Marketplaces, on the other hand, are virtual shopping malls.

Trade Me is NZ’s most successful marketplace, and other popular local sites include GrabOne and NZSale. The big global marketplaces include Amazon, Alibaba, eBay and Wish.

Facebook’s recent move into marketplaces has given easy access to millions of products worldwide and opened up New Zealand products to billions of customers, the report states. “If this is where shoppers are congregating, then sellers shouldn’t ignore them.”

NZ Post reports the global trend is for more specialist niche marketplaces that bring like-minded buyers and sellers together. There is also a rise in localised marketplaces and more platforms trading services rather than products.

“Whether selling products or services, retailers seeking to grow their online sales must consider the marketplaces where their customers are hanging out and then find ways to integrate them into their business strategies,” the report advises.

Test, test and test again...Online shoppers are unforgiving

The report shares at least five areas every business needs to succeed at e-commerce.

First is to adopt the mindset of a modern consumer.

“The digital generation doesn’t just discover your site and press the ‘buy now’ button instantly. They’ve gone through a convoluted process that’s involved discovery, research, peer reviews, price scrutiny, receiving recommendations and comparing products. The more you understand that process, the more you can influence it and ensure your products are where they are looking.”

Second, is to ‘test, test and test again’.

“Online shoppers are unforgiving,” the report states.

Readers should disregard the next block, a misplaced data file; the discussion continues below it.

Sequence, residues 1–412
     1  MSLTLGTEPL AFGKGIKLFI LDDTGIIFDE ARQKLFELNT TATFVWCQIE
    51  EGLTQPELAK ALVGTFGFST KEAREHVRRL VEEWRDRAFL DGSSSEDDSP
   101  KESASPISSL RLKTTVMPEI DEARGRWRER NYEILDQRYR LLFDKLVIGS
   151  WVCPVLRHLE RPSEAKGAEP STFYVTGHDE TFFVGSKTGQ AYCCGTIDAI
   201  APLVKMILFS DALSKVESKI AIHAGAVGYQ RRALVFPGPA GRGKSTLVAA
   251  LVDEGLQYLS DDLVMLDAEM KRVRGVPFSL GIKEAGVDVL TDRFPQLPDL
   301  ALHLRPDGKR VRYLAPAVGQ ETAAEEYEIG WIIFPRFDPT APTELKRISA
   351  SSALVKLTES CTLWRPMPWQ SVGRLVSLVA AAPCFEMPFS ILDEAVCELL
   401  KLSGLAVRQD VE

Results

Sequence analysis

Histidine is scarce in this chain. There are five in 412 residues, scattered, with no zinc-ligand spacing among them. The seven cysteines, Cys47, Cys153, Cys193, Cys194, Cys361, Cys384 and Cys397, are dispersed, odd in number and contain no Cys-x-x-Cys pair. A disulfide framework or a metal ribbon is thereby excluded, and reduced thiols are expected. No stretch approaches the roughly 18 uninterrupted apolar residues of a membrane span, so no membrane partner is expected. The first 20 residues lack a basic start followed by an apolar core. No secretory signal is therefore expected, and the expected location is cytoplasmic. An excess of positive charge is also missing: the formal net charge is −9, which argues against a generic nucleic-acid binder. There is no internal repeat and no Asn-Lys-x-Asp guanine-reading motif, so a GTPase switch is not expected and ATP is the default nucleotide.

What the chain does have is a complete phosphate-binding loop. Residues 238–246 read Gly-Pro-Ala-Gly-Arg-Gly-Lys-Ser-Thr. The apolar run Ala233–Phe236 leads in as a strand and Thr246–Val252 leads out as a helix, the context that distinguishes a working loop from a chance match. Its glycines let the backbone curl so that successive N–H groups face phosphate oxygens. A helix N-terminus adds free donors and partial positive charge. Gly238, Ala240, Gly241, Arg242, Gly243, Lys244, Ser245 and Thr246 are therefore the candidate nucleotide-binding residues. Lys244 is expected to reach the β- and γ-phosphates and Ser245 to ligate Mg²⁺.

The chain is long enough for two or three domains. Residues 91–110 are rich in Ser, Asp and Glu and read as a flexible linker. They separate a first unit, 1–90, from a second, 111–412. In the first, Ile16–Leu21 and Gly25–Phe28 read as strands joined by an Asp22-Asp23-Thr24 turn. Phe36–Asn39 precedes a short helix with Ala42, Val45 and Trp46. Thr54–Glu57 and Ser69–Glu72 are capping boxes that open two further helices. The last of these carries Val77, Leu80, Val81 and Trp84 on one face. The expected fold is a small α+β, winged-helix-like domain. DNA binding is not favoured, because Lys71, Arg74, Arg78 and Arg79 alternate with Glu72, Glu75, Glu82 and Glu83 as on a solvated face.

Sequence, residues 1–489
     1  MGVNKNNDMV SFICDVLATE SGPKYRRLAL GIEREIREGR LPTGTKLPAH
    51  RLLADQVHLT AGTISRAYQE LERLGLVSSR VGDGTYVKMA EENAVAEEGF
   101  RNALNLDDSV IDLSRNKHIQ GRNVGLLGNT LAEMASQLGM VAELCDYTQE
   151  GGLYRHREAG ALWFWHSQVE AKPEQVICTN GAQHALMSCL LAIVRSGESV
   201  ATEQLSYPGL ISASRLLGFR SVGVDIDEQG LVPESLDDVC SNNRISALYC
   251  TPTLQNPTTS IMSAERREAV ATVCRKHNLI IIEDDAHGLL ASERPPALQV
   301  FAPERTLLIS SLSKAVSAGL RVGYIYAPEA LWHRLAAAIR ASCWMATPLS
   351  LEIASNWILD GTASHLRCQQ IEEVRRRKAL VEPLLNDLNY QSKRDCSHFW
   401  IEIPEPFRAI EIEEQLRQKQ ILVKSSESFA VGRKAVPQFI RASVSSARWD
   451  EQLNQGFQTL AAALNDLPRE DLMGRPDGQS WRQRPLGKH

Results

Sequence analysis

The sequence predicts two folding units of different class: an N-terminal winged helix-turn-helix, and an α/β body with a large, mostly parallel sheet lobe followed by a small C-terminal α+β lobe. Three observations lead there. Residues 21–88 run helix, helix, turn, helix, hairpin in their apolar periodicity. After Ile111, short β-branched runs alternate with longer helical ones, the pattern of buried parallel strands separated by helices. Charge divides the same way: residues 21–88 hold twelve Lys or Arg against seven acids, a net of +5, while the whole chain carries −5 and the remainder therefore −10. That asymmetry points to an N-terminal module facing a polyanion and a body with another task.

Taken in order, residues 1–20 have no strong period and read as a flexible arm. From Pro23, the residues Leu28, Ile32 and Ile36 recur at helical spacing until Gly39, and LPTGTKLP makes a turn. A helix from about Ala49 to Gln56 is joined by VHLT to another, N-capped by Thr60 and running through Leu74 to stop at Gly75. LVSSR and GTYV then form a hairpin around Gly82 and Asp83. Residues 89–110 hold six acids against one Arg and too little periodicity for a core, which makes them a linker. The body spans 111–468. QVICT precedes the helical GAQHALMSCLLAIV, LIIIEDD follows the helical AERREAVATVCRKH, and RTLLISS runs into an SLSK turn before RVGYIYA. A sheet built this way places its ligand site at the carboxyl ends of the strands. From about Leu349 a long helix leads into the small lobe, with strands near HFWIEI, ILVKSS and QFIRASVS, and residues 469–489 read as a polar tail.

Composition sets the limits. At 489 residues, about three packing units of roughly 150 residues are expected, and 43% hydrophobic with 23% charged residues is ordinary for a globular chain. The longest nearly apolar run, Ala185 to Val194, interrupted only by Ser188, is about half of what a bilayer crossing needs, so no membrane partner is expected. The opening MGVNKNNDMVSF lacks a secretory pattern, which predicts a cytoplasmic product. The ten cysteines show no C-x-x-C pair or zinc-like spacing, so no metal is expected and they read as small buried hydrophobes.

“If your much-heralded online site doesn’t work, they’ll let you know by not coming back. This applies for changes to existing sites as much to startups. Make sure everything works smoothly, easily, and professionally before launching and never stop improving. Think mobile first in your design process as more consumers are shopping on a mobile device than desktop.”

Third is to remember that consumers are making a leap of faith when buying online.

“Anything that raises questions about the security, or the robustness or genuineness of your online site, is likely to put buyers off,” the report states.

Fourth is to consider the many ways to pay.

Businesses should pick up on the trends such as young female shoppers spending more and using a Buy Now Pay Later option. If your store is targeting New Zealand’s growing Asian population, consider adding familiar payment options like Alipay or UnionPay to your site, the report states.

Fifth is to provide fast shipping.

“We may not always be able to fight international e-tailers on price, but we can win Kiwi shoppers’ hearts through great delivery,” the report states.

Businesses can offer a same day or next day delivery, easy tracking notification and offering options of where and how customers would like their goods delivered.

Businesses are also advised to regularly review their website data to understand user behaviour and learn what is posing challenges for customers.

Continually make meaningful improvements to the site, and establish a customer feedback loop such as Net Promoter Score.

Businesses should also consider adopting AI technology such as a chatbot to help scale their service capabilities, the report further advises.

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Tags retailanalyticse-commercedisruptioncompetitionDataminechief marketing officerchief digital officernz poste-tailerschief data officercxDXmartechbricks and mortar